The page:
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By Amy E. Wong

Picture By Dewonger
The world is riddled with imperfections. You can be among the best and the brightest but end up begging for loose change in some dark alleyway. Beyond your own efforts, success is contingent on your environment, society, and God-given attributes. For instance, it is a widely known fact that females and minorities are disadvantaged when compared to males and whites.

Martin D. Ginsburg, professor at Georgetown University Law Center, spoke at the 12th annual Willard H. Pedrick Lecture at the Sandra Day O'Connor College of Law. In his speech, "Some Reflections on Imperfection," Ginsburg underscored life's unpredictability. He said, "In an imperfect world, it is foolish, indeed irrational, to believe that goodness and merit will reliably achieve a desired outcome."

He continued, "In an imperfect world, serious things do go seriously wrong. Stuff happens. As a rational person, you would not embark on a course unless you had first thought hard about what might go wrong and had planned an appropriate response."

Martin Ginsburg has inside knowledge of life's "imperfections." His wife, U.S. Supreme Court Justice Ruth Bader Ginsburg, and his friend, U.S. Supreme Court Justice Sandra Day O'Connor, have a lot in common. They both graduated at the tops of their law school classes; no law firm would hire either of them upon graduation; they are both women.

Ruth Bader Ginsburg and Sandra Day O'Connor did everything they could to succeed, but because they live in a flawed world, their gender set them up for failure. Their chances of competing against their male counterparts were hindered-an imperfection of today's legal job market that many of us still struggle against.

Martin Ginsburg asked, "Was it a good thing or a bad thing?"

Although Ruth Bader Ginsburg and Sandra Day O'Connor were rejected by top firms in the private sector, they both enjoyed a different type of success. According to Martin Ginsburg, "No one could know that rejection by conventional law firms ultimately would prove for these unique individuals to be an amazingly good thing."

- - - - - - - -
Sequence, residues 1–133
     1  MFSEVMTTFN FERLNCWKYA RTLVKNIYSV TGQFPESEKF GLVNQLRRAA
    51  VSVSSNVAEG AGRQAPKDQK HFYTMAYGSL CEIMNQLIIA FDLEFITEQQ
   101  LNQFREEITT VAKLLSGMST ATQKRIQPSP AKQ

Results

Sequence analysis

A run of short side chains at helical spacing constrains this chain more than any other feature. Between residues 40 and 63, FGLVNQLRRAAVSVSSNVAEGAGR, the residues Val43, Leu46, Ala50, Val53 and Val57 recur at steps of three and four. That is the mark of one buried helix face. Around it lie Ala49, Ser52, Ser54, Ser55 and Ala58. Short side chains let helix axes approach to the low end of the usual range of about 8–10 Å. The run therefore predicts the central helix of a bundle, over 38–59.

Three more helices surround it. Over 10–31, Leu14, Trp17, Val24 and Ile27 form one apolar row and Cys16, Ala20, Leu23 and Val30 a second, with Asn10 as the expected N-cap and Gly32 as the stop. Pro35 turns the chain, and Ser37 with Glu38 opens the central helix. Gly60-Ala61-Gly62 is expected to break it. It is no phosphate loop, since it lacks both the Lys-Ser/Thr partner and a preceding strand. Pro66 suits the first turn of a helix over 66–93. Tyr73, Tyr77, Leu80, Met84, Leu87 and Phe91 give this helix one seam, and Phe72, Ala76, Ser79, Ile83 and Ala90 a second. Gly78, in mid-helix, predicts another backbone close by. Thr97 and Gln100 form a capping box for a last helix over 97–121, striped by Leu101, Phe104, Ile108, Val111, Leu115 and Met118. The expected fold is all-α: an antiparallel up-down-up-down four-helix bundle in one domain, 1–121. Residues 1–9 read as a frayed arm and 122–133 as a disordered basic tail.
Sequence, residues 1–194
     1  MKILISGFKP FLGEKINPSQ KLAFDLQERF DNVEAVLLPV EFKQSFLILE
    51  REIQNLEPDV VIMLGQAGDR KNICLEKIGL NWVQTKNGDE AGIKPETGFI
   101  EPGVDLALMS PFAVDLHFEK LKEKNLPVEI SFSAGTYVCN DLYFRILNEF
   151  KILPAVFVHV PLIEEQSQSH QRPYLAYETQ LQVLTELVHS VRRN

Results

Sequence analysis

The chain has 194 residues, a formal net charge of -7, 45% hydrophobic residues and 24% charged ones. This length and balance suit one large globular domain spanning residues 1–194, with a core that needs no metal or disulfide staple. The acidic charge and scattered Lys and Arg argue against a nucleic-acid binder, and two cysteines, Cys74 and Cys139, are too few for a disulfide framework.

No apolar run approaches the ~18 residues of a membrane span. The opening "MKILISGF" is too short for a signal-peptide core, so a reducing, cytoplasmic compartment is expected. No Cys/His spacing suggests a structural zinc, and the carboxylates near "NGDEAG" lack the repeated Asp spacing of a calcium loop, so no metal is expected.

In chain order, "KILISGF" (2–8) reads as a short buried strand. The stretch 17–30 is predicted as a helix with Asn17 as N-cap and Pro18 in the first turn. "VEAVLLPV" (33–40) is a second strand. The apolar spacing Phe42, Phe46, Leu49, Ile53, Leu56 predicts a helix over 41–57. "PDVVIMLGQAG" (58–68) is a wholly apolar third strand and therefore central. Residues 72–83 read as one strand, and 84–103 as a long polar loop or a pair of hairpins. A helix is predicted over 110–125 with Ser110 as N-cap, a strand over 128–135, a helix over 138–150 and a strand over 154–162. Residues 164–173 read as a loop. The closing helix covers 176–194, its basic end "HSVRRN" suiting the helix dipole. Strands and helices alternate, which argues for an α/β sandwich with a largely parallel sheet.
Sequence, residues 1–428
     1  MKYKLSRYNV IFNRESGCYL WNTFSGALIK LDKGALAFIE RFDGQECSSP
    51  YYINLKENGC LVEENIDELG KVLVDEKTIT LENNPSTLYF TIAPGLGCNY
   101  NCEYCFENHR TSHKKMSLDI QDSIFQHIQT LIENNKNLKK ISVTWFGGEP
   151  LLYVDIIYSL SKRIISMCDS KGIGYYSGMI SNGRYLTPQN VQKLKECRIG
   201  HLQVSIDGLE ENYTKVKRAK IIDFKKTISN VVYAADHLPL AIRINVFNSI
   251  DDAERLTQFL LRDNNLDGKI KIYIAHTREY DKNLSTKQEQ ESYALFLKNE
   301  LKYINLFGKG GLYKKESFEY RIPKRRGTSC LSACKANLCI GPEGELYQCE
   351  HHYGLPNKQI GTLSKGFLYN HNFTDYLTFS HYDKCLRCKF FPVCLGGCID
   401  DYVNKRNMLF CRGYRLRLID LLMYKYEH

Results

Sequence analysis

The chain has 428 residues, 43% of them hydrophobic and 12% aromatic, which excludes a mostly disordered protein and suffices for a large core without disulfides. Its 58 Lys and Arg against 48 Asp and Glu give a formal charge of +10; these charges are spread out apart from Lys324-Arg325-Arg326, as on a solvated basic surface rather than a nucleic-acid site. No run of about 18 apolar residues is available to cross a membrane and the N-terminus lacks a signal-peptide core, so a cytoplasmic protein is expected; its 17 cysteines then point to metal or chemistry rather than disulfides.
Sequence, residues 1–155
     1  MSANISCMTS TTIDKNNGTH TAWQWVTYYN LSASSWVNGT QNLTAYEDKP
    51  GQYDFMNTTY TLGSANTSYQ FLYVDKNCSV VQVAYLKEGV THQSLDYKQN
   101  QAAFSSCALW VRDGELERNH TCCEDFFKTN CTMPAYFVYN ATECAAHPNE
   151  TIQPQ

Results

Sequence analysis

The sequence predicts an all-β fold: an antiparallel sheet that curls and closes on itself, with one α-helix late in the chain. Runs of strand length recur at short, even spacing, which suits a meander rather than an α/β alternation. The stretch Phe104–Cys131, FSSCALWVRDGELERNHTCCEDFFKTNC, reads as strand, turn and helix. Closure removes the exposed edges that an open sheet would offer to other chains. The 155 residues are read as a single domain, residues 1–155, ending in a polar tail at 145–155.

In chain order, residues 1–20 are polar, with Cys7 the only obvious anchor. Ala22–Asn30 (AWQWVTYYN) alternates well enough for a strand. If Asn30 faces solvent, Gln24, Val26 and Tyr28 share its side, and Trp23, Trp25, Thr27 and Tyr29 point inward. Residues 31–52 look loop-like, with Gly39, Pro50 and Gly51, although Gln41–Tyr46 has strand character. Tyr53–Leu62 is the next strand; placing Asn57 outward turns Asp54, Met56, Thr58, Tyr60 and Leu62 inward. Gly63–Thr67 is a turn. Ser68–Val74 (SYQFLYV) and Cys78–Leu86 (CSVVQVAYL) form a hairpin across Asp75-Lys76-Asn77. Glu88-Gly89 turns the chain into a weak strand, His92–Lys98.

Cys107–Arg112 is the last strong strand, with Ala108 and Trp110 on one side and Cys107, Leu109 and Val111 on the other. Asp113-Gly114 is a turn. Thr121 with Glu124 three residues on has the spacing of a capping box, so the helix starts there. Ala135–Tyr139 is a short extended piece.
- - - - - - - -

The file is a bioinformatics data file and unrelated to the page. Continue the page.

Each turn of events in Ruth Bader Ginsburg's life has been unexpected and constructive. She didn't get the gig on the U.S. Court of Appeals for the Second Circuit she had pursued. Instead, she landed a position on the District of Columbia Circuit in 1979-a position in which she generated much buzz as a result of her many noteworthy accomplishments.

After a long struggle and complicated nomination process, Ginsburg finally joined the Supreme Court in 1993, with support from her husband and legal-scholar friend.

Ruth Bader Ginsburg and Sandra Day O'Connor are two modern-day examples of women who have broken new and exciting ground. Other female and minority politicians such as Hillary Clinton, Barack Obama, and Condoleezza Rice are also fighting to narrow the gap that separates them from success. Their journeys are modern-day testaments to what can be accomplished.

Ginsburg's speech highlighted the accomplishments of exceptional women. It also underscored the importance of acknowledging and working around societal limitations. It reminded me of that Robert Frost poem "The Road Not Taken." Hopefully, as these courageous leaders pave the path toward equality, the exception will become the norm.

In the meantime, Ginsburg advised, "It is wiser to look around corners, to anticipate what can go wrong, and to plan on that eventuality just in case."

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University of Michigan Ann Arbor School of Law

University of Michigan Ann Arbor School of Law

The University of Michigan Ann Arbor School of Law or the Michigan School of Law as it is popularly known is one of the oldest law schools of the U.S. and it consistently ranks among the top 10 law schools of the U.S. in rankings published by different sources and organizations. Michigan Law School is considered to have one of the best campuses and collegiate environment among U.S. law schools.

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